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Offseason Questions: Who will be Crew SC’s coach in 2019?

With Gregg Berhalter likely to depart, the team might have a big decision to make in the coming weeks.

MLS: Houston Dynamo at Columbus Crew SC Greg Bartram-USA TODAY Sports

Columbus Crew SC ended its 2018 season just a week ago and while the team won’t be on the field again for another three months, it’s already time to think about 2019 for Massive Report. This could be the busiest offseason for the Black & Gold in years and over the next few days we’ll try to address the five most urging questions for the franchise.

For the first article of the series, we had to start with this topic: Who’s going to coach the Crew in 2019?

Gregg Berhalter has led the Black & Gold on and off the field for the last five seasons with undeniable success, but he’s considered the top choice to coach the U.S. Men’s National Team and has been linked with other jobs. An announcement in regards to Berhalter’s future could happen at any moment now that the season is over in Columbus.

If Berhalter stays, that’s great news for the Crew but with all signs pointing the opposite direction, the club could go three different ways if he indeed takes over elsewhere. With a new ownership group set to purchase the team, it’s hard to predict what the strategy could be.

The first route would be following the saying “if it’s not broken, don’t fix it.” That means keeping the system in place as much as possible and the obvious choice here would be elevating Berhalter’s long-time assistant Josh Wolff to the head coach position. The former player has been considered one of the best assistant coaches in Major League Soccer and has already interviewed for head coach positions around the league in the past.

Wolff has been working with Berhalter since he joined the Crew, in 2014, but his affinity with him dates back to 2007 when they were teammates at Germany’s 1860 Munich. With him at the helm, it’s fair to assume that the team would adopt a very similar style, even though Wolff would have more power to make any changes if he wanted.

It’s unclear, if Berhalter were to take over the National Team, if he would want to take Wolff to be part of his coaching staff there — or if Wolff would want to remain an assistant even at that level — but there’s probably no better place for him to start his solo flight than the Crew and that could make him stay.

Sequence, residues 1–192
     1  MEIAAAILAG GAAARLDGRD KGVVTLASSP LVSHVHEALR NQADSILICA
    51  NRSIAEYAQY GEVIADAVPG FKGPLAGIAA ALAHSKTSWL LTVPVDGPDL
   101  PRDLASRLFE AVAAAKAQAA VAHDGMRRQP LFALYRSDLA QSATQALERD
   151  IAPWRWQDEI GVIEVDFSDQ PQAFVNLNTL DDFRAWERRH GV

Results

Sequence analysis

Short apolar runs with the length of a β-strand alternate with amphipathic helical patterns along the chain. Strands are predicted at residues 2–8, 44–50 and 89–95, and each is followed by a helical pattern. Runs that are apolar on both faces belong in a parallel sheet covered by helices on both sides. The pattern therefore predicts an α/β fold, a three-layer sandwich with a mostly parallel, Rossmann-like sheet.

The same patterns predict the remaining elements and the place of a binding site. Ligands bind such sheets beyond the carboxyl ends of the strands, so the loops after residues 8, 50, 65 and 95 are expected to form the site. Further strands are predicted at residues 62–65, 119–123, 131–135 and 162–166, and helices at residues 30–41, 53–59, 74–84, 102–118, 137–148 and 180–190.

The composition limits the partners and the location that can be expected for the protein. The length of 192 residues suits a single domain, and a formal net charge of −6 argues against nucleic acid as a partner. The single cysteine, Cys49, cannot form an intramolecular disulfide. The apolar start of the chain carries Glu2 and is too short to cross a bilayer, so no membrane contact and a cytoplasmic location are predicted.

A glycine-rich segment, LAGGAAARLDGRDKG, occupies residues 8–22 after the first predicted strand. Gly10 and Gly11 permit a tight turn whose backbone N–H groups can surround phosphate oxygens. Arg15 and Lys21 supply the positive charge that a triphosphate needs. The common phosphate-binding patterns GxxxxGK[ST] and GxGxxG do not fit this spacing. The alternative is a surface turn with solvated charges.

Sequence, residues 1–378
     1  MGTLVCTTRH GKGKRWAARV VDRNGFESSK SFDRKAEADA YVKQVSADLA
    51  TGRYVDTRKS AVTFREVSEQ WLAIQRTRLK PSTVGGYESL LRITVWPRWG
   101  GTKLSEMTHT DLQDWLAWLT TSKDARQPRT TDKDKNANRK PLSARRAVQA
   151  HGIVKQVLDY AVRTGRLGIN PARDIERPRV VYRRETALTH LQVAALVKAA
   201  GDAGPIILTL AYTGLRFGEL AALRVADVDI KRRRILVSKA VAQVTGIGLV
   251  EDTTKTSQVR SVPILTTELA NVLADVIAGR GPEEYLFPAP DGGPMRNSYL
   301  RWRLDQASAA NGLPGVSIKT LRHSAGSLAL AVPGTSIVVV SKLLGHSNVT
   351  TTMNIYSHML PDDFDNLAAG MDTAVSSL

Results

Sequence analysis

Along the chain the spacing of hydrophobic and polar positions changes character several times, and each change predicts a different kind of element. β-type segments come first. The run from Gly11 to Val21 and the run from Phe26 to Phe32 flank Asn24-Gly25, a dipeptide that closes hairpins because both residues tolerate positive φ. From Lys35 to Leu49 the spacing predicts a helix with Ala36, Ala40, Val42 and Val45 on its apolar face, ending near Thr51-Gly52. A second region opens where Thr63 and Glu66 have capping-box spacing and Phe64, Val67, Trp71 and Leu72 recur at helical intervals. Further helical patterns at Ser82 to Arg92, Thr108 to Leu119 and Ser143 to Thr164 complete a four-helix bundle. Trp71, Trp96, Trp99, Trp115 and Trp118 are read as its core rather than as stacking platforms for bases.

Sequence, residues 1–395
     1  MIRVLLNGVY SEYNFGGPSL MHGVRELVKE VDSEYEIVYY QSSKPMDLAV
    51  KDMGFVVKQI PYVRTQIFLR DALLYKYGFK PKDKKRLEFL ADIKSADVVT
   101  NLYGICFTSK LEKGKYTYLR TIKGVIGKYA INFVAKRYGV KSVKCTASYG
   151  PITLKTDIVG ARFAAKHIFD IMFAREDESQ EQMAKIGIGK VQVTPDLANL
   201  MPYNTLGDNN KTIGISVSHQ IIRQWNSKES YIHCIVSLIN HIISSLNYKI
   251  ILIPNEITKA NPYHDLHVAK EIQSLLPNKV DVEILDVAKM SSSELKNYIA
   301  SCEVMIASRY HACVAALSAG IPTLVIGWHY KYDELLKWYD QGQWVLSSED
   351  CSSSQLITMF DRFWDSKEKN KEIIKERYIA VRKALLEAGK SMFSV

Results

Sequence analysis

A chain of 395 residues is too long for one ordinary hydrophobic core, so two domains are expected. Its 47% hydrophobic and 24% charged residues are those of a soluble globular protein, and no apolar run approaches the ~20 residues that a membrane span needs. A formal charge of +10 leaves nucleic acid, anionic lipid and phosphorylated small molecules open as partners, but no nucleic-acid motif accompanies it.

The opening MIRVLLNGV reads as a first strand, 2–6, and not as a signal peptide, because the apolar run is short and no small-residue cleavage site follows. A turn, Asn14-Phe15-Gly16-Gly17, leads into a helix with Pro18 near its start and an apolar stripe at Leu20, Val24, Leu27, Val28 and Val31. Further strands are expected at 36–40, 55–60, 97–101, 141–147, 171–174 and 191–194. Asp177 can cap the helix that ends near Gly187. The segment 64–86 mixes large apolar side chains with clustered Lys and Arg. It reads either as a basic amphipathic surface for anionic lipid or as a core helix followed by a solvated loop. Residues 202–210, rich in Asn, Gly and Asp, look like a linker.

If ownership is looking for changes, there are some veteran MLS coaches available on the market. Possibly the first name to be considered is Caleb Porter, who left the Portland Timbers last season, two years after leading them to a win in the 2015 MLS Cup Final over Columbus. Porter has already coached in Ohio and enjoyed some success at the University of Akron, so maybe he would see a return to the Buckeye State as a positive.

Other options could be Sigi Schmid, who coached the Crew during the team’s 2008 MLS Cup campaign and recently gave a speech to the team after a game at MAPFRE Stadium, and Jason Kreis, who was spotted at a training session at Obetz some weeks ago. Other experienced coaches currently out of a job are Bruce Arena, Carl Robinson and Pablo Mastroeni.

The international route is arguably the most unpredictable one, as coaches from all over the globe could be considered. Bringing a new coach to a complex league such as MLS can always be risky strategy, but some teams such as New York City FC with Patrick Vieira and Atlanta United with Tata Martino showed it can also be a successful one.

If the Crew goes international, one name that will certainly come up is the one of Guillermo Barros Schelotto. Considered by many the best player in team’s history, the Argentinean is currently coaching Boca Juniors in his home country and even though he recently stated he would love to coach in MLS in the future, it’s hard to tell if the right time would be now. Schelotto has also recently been linked with replacing Martino, who will become the next Mexico head coach, in Atalanta, so the Black & Gold may have local competition for his services if this is the route the team chooses to go.

Regardless of the direction selected, if Berhalter indeed leaves the Crew will also need to find a capable replacement for his sporting director role. The coach has been heavily involved in player acquisition and contract negotiation since his arrival and this could become a job for the next head coach or to a different professional.

Berhalter has been one of the faces of the Columbus Crew for most of the last five years and the team has played to his resemblance in a successful stretch. Any coaching transition can be complicated and that makes this a key question to be answered by the Black & Gold in the next weeks.